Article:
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Remember MySpace? yeah, it barely registers on what it was anymore – yet that is where the world found Kate Nash or more to the point – where she found the world back in 2008. From this she essentially became what is commonly referred to as a ‘one-hit’ wonder – and all of it because of a broken leg suffered while working at Nando’s, a fantastically delicious chicken restaurant chain not known in the States.

More recently others may know her as Rhonda Richardson, AKA Britannica, on the critically acclaimed Netflix series GLOW. As someone familiar with the latter version of Kate Nash, I didn’t have a clue of the story behind the actress, which makes the viewing experience all the more compelling. Like her character Rhonda, Nash has battled her way out of dire circumstances on more than one occasion, and has found herself at the center of something extraordinary, both in the music industry and on the screen.

Essentially this is her side of the story of how to be a one hit wonder and survive it. This is a documentary about surviving the pop industry after you have been dropped by the record label and savaged by critics, trying to kick-start your music career back into gear by playing to small venues paying it all herself from her savings, which doesn’t go well. Something learned those in the music industry a long time ago is, you don’t make money from touring, the money is made in the merchandise – but we aren’t shown any of that here. We are shown how she gets a major big boost by her new manager who has supposedly has ‘big plans’ for her, that really don’t seem to pan out as we see an awkward little show during lunch hour at a PR company of sorts. And then somewhere along the line, we also find out that same manager has been using Kate’s credit card to fund his own wedding. But hold on for a hot minute as has he really been appearing in the filming of a documentary about his artist all the while he was scamming her? What was he thinking?

Well we find out as we see Kate not only be completely devastated by this revelation, but also takes legal action against him and would have gotten a settlement from him had his lawyers not wanted her to sign a non-disclosure agreement. And while the outcome of all this is of course a sweet story, there is something about this documentary that just misses it’s mark a little. Whether it’s the part where she decides she wants to be a singer and actress, without any acting training/skills etc.. or where we never really see any of her actual life. While we see family, we really never see friends or boyfriends, or ever know is she is getting support from people in her life besides just her band & family. So it misses the mark there with me not only there but the Nando’s comment at the beginning almost lost me for good right there and then. As someone who has worked the food service industry for many years, it was truly a put-down of spoiled brat pisser comment to me.  There are many, many people who are having to work in the fast food industry and they don’t all have parents to be buy them electric guitars, or the like so note to Kate, be a bit more appreciative of people who didn’t get ‘discovered’ on MySpace, and serve a big purpose in everyone’s lives as we have come to realize, at least I hope you have now.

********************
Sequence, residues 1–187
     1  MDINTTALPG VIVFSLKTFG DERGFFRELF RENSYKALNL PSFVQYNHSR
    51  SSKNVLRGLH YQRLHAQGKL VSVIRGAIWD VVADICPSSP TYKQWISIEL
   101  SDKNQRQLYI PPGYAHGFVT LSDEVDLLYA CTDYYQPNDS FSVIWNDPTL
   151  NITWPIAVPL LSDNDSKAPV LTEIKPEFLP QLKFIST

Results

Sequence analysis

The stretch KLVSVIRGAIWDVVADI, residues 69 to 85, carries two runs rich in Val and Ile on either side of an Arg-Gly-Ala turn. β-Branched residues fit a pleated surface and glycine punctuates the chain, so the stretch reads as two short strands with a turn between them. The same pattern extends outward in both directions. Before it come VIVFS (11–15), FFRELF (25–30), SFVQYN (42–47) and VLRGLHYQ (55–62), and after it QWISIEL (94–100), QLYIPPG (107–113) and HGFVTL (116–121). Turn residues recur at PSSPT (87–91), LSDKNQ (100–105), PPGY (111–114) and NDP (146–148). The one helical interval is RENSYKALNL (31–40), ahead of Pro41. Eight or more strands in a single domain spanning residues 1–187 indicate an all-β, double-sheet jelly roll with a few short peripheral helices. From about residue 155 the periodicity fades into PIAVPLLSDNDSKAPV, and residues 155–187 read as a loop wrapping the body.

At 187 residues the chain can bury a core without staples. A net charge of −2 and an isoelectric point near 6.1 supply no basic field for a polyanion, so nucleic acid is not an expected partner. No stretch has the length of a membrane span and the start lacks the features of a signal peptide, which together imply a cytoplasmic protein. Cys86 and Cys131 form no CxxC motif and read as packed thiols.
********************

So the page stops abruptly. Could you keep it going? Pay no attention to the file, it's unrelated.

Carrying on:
I think Kate Nash wanted this whole story to fit her narrative about a plucky British girl that fought against the odds to come back. Down to her last penny and got a role in a Netflix show, and viola’! life is good.  In that way it does succeed, unless you look at it deeply, and then it might raise more questions about it being a little bit of fluff. Either way you look at it, it is worth a watch.

Grade: C+

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Media Review Screening ~ Courtesy of K.O. PR

KATE NASH: UNDERESTIMATE THE GIRL IS AVAILABLE ON ALAMO ON DEMAND

INSTA-REVIEW: “ARCTIC” (2019) ARMORY FILMS

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Saw #Arctic today with MadsMikkleson as Overgård – a man who is stranded in the Arctic after an airplane crash. We never see his plane crash, only that he is there and has been for some time based on his daily routine. Finally, as he is on the verge of rescue, that helicopter crashes with one survivor, a young woman pilot.

From that point on we watch as Overgård has to make the decision to leave the safety of his camp and plane to embark on a deadly trek through the unknowns of the Artic world, with only the remotest of hope of making it out alive. If any of you remember RobertRedfords’ amazing turn as a person who’s did the solo survivor role in All is Lost – this one is comparable except think snow/ice/freezing cold. I enjoyed it as I never got bored even though there is probably less than 30 spoken words in the whole film. Mads seems to love doing movies in the cold snow and they do him well back as this film is entirely on him and he holds his own.

Grade: B
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“ARCTIC” IS IN LIMITED RELEASE IN THE US – LOOK FOR WORLDWIDE RELEASE IN THE COMING MONTHS